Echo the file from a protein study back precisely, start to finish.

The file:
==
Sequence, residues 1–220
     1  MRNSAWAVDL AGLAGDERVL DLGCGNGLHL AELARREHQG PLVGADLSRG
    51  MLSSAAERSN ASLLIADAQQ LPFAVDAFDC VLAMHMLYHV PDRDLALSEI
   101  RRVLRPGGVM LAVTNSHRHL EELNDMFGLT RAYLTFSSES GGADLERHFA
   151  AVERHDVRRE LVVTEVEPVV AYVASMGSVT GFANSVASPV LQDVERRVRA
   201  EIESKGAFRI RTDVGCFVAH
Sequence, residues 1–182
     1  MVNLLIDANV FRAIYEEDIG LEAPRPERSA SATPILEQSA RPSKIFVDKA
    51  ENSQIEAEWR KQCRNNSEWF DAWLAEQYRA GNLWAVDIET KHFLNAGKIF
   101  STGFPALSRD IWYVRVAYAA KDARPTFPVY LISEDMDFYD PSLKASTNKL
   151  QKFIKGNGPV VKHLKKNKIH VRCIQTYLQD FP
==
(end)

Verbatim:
Sequence, residues 1–220
     1  MRNSAWAVDL AGLAGDERVL DLGCGNGLHL AELARREHQG PLVGADLSRG
    51  MLSSAAERSN ASLLIADAQQ LPFAVDAFDC VLAMHMLYHV PDRDLALSEI
   101  RRVLRPGGVM LAVTNSHRHL EELNDMFGLT RAYLTFSSES GGADLERHFA
   151  AVERHDVRRE LVVTEVEPVV AYVASMGSVT GFANSVASPV LQDVERRVRA
   201  EIESKGAFRI RTDVGCFVAH
Sequence, residues 1–182
     1  MVNLLIDANV FRAIYEEDIG LEAPRPERSA SATPILEQSA RPSKIFVDKA
    51  ENSQIEAEWR KQCRNNSEWF DAWLAEQYRA GNLWAVDIET KHFLNAGKIF
   101  STGFPALSRD IWYVRVAYAA KDARPTFPVY LISEDMDFYD PSLKASTNKL
   151  QKFIKGNGPV VKHLKKNKIH VRCIQTYLQD FP